Step 4

Development, in this stage, an ammonium tetramethyl hydroxide aqueous solution (2.38%, ZTMA-100) is applied to the wafer for 60 seconds.

Step 5

Post-Baking, heating the wafer at 110°C for three minutes. The purpose of the post-bake is to stabilize and harden the resist while removing traces of development chemicals.

Step 6

Etching, using SF6 (sulfur hexafluoride) with CHF3 (Trifluoromethane) plasma RIE (Reactive Ion Etching) machine (Model: CE-300I, ULVAC) to etch the silicon wafer.

Pattern Examine Methods

Sequential Light Examine Method

First, the generated patterns (Table 1) from EBL method have been investigated by a compound optical microscope (Model: VH-Z100, Keyence) with CCD (Charge-Coupled Device) monitor (Model: VHX-200/100F, Keyence) which uses visible light with a system of lenses to magnify images of small objects. In the optical microscope, the specimen for observation is assumed to be a light absorbing object, in this way, the light from the microscope condenser through the specimen will not be deviated. Such light is recognized as direct light or undeviated light. Some of the light, partially deviated when it encounters specimen parts, is recognized as diffracted light. Once multiple lenses collect both direct light and diffracted light from the specimen, then a separate set of lenses is used to focus the light into image. The maximum magnification is limited to 1000x. The governing equation of resolution as below:

(1)

where d is the resolution, λ is the wavelength of light, NA is the numerical aperture of the objective lens. In most cases, λ is assumed to be 550 nm (green light), and air is used as medium with highest NA of 0.95, therefore, the lowest value of resolution is about 300 nm from the equation of resolution.

After examine the pattern #1 (Table 1), a 10 μm x 10 μm square cuboid pattern, the image caught by CCD camera, as shown in Figure 2a, reveals a real-time vivid image at maximum magnification (1000X). The pattern is neatly formed in square geometric shape. The dimension of the square is 10.08 μm x 10.08 μm measured from the CCD micrograph. However, the depth of the pattern is vague for visual investigation or precise measurement.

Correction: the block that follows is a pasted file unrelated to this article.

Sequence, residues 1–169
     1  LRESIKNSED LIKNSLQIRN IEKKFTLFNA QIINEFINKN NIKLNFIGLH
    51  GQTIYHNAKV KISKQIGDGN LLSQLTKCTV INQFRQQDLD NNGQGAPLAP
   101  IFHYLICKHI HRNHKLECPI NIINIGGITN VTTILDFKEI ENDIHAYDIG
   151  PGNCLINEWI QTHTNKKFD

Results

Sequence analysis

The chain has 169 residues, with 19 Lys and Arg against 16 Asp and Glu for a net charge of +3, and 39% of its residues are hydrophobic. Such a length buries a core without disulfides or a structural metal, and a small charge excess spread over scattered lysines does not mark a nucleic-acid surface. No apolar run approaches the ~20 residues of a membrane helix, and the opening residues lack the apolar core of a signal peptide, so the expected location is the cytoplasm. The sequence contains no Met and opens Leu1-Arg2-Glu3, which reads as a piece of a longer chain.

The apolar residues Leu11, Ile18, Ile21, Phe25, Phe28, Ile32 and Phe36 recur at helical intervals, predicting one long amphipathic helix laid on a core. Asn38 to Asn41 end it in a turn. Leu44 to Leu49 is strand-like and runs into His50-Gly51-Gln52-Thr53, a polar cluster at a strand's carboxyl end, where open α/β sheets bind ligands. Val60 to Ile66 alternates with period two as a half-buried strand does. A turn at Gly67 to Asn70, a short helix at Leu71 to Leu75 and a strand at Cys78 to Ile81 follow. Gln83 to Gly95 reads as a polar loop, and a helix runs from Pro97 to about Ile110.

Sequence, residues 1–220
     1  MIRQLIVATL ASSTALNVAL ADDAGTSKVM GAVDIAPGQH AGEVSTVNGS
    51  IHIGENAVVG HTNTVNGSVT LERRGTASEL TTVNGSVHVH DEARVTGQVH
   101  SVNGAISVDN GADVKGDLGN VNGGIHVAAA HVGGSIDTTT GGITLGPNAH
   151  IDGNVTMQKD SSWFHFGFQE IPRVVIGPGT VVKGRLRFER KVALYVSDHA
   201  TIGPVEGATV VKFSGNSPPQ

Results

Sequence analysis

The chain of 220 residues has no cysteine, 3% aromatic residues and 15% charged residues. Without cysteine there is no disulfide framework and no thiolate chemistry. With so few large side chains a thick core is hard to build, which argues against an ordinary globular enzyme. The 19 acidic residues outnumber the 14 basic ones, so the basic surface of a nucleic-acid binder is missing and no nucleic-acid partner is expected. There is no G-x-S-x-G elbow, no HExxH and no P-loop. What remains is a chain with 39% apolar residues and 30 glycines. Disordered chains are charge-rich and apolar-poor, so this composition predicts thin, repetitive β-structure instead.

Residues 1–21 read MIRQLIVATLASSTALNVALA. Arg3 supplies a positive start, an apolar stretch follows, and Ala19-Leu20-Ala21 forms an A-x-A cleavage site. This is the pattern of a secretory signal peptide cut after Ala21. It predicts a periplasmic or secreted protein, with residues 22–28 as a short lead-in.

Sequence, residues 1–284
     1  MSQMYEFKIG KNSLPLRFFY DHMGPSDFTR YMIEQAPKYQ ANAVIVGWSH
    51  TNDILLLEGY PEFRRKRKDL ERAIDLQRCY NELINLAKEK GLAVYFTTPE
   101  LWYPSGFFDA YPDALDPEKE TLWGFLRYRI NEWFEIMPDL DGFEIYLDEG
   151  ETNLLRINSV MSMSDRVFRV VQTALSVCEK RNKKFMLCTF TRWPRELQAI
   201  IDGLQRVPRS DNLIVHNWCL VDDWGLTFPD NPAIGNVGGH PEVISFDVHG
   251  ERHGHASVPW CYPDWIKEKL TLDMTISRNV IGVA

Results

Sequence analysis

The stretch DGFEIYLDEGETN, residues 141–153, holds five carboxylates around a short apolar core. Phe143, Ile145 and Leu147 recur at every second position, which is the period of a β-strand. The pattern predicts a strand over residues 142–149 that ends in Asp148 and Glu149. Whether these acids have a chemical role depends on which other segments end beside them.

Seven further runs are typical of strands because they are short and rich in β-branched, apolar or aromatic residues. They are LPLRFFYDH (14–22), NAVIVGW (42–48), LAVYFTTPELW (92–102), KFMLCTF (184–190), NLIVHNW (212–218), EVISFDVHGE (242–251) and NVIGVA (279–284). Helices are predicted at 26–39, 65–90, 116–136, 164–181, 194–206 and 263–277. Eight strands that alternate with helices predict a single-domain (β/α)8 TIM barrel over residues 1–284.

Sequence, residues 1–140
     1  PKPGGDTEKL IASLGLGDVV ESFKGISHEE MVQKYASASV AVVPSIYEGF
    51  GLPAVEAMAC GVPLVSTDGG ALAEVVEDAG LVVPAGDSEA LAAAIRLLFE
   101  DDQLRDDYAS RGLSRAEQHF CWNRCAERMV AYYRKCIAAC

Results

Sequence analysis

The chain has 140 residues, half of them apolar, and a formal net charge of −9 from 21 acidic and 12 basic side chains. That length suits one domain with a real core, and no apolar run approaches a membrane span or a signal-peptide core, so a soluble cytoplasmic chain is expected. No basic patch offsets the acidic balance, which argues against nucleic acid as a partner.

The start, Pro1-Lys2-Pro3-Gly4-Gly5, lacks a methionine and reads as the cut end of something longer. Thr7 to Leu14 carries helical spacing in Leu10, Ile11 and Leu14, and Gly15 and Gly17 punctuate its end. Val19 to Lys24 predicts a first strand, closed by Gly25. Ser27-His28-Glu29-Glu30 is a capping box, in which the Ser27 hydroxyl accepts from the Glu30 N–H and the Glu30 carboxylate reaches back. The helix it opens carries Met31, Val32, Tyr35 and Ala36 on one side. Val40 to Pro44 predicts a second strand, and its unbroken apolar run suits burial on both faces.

material-sciences-CCD-images

Figure 2: CCD images of (a) pattern #1 and (b) pattern #2.

Table 1. Parameters of samples.

Pattern # Geometry Area (µm) Depth (µm)
1 Square Cuboid 10 x 10 1
2 Square Cuboid 2.5 x 2.5 1

In order to explore the size limitation of a compound optical microscope, pattern #2 (Table 1), a 2.5 μm x 2.5 μm square cuboid pattern, is examined in the same setting (maximum magnification, 0° tilt angle). As shown in Figure 2b, the image is vivid, however, the pattern appears to be difficult for accurate measurement, and resolution limit is reached. Theoretically, the lowest value of resolution can be reached at 300 nm, but in practical, when the pattern length is close to or lower than 1 μm, the quality and magnification of micrograph starts to degrade. Hence, the compound optical microscope is not suitable for submicron pattern examine.

Atomic Force Examine Method

Atomic Force Examine Method was introduced by Bining, et al. [6]. Same year, a working prototype AFM (Atomic Force Microscopy) is invented. Today, AFM is considered as a versatile technique for imaging surface topography of specimen with very high-resolution up to nanometer scale. AFM consists of a cantilever with a probe for scanning the surface, and a laser spot is used for measuring the deflection from the tip of the cantilever. The deflection of the cantilever is expressed by:

(2)

(3)

Where E is the Young’s modulus of the cantilever material; F is the force applied to the end of the cantilever in normal direction; L, w and tc is the length, width and thickness of the cantilever correspondingly; dZc/dX is the change of the endslope.

The Young’s Modulus is expressed by

(4)

(5)

Where E is the modulus of elasticity; σ is then tensile stress; ε is the tensile strain; F is the force applied to the object; A0 is the original cross-sectional area through which the force is applied; ΔL is the amount by which the length of the object changes; L0 is the original length of the object.

The expression for cantilever’s spring constant is:

(6)

More accurate expression for cantilever’s spring constant is optimized by Sader [7]:

(7)

Where α is an opening angle.

In this section, pattern #2 (Table 1) is been examined by AFM (Model: NanoNaviIIe, SII). The whole examine procedure is about 20 minutes which includes Initial – Preparation – Parameter – Approach – Scan.

In the preparation step, as shown in Figure 3 , it is important to adjust the laser beam to the cantilever and the laser spot into the frame at center of the laser position dialog.

material-sciences-laser-adjustment

Figure 3: AFM Set-up; (a) Schematic of AFM, (b) Laser Adjustment, (c) Laser Spot on Cantilever.

After the scanning, AFM images, as shown in Figure 4a and 4b generate a colorful three-dimensional structure and detailed analysis in very precise measurement of the specimen e.g., Ra, Rp, RMS and Rz (Table 2). Ra is the surface roughness average. Rp is the maximum profile peak height. RMS is the root mean square average of the profile heights over the evaluation length. Rz is the average maximum height of the profile. However, the scanning area of the specimen is limited approximately to 150 μm x 150 μm with the maximum height or depth in terms of 10-20 μm. Furthermore, the corner sides of the specimen are unclearly formed due to the defect of AFM tapping mode.